• The Real Clear Politics average of US presidential polls showed former Vice President Joe Biden’s lead over President Donald Trump ticking up to 6.6% nationally from 5.9% last week while his lead in the in the battleground states of Arizona, Florida, Michigan, North Carolina, Pennsylvania and Wisconsin edged down to 3.6% from 3.9%. Biden’s odds of election were little changed at 53.6% against Trump’s odds of reelection at 45.6%, according to the Real Clear Politics average of betting odds. The first debate between the two candidates is scheduled for 29 September in Cleveland, Ohio and will center around six topics: the Biden and Trump records, the Supreme Court, COVID-19, race and violence in US cities and the integrity of the election.
  • The large-cap benchmarks endured their fourth consecutive week of declines, marking the longest such stretch in over a year and sending the S&P 500 Index briefly into correction territory, or down more than 10.0% from its recent peak. Consumer discretionary shares outperformed, helped by strength in Nike following its report of a rebound in summer sales. Technology stocks also proved resilient, helping the tech-heavy Nasdaq Composite Index record a gain for the week. Energy stocks suffered the biggest declines in the S&P 500 in response to falling oil and natural gas prices, while declines in regional bank stocks due to concerns over depressed lending margins put pressure on financials shares.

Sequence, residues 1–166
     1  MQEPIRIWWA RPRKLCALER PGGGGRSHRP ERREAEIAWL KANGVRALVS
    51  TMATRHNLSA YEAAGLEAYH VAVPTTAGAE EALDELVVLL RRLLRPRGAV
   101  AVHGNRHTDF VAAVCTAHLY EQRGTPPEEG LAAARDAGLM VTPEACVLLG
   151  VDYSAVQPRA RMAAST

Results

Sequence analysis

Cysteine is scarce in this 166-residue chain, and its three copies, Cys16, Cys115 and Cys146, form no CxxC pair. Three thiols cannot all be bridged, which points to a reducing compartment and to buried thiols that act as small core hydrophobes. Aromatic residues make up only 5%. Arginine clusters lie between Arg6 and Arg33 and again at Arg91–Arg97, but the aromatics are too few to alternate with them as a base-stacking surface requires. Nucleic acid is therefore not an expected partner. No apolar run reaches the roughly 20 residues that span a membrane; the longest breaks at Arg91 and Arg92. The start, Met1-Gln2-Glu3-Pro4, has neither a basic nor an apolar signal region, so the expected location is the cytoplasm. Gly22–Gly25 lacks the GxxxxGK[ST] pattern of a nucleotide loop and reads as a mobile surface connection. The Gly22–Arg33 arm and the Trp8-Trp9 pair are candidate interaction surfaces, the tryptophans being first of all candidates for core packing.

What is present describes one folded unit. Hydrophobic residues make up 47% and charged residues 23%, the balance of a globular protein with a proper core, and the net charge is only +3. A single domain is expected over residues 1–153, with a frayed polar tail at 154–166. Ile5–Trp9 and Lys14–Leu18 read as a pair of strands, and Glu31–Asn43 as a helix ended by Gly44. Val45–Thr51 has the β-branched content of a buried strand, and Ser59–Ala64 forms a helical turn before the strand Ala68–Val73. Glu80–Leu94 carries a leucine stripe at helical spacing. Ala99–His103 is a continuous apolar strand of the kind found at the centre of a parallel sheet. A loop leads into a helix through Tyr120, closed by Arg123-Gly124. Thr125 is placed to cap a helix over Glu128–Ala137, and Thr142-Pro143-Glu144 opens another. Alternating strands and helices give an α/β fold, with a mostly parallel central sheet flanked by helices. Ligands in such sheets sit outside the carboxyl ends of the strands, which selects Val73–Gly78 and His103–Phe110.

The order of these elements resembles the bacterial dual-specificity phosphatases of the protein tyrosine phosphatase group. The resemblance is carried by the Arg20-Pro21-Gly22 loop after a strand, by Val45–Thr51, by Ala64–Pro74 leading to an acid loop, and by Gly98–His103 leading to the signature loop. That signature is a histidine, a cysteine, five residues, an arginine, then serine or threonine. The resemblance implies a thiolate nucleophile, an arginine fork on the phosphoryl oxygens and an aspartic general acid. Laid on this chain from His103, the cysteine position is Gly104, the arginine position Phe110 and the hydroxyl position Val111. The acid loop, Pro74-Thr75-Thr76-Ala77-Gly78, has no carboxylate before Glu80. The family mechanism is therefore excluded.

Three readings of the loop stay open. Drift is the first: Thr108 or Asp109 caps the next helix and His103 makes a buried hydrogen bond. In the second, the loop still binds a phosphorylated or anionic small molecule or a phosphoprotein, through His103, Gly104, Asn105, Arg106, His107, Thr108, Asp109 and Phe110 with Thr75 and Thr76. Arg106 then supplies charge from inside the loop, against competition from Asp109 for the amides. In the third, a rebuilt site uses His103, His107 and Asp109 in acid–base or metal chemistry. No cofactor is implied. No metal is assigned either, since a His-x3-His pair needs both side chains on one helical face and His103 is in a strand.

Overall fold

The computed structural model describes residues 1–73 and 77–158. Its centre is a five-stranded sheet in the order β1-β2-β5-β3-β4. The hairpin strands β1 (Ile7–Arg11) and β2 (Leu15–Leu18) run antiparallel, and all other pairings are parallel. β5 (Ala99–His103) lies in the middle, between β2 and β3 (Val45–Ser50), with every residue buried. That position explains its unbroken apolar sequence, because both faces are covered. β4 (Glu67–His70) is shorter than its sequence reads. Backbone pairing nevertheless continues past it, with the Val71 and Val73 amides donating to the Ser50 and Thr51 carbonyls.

• The eurozone Flash Composite PMI was 50.1 in September compared to 51.9 in the previous month. Meanwhile, the Manufacturing PMI was 53.7 compared to 51.7 the month before, and the Services PMI was 47.6 compared to 50.5. All indices except manufacturing were below expectations. The euro area’s business activity in September slipped back into neutral, with the composite index flattered by a strong and largely German-driven rise in manufacturing output. The weak point remained the services sector, hampered by concerns over renewed COVID-19 cases and the possibility that social distancing remains an issue, even with many restrictions lifted. Job losses continued this month.
  • The German Flash Composite PMI was 53.7 in September compared to 54.4 in August, the Manufacturing PMI was 56.6 compared to 52.2, and the Services PMI was 49.1 compared to 52.5; all indices except manufacturing were below expectations. Business activity continued to expand in September, albeit at a lower pace, driven by a sharp rise in manufacturing. Meanwhile, services slipped back into contraction territory and employment workforce numbers continued to fall.
  • The French Flash Composite PMI was 48.5 in September compared to 57.6 in August, the Manufacturing PMI was 50.9 compared to 49.8, and the Services PMI was 47.5 compared to 51.5 a month earlier. All indices were significantly below expectations. Private business activity in France fell for the first time in four months, related to news of a resurgence in cases of COVID-19. Manufacturing saw a slightly higher pace of activity than last month, whereas the services sector experienced a significant reduction in activity. Employment deteriorated further as well.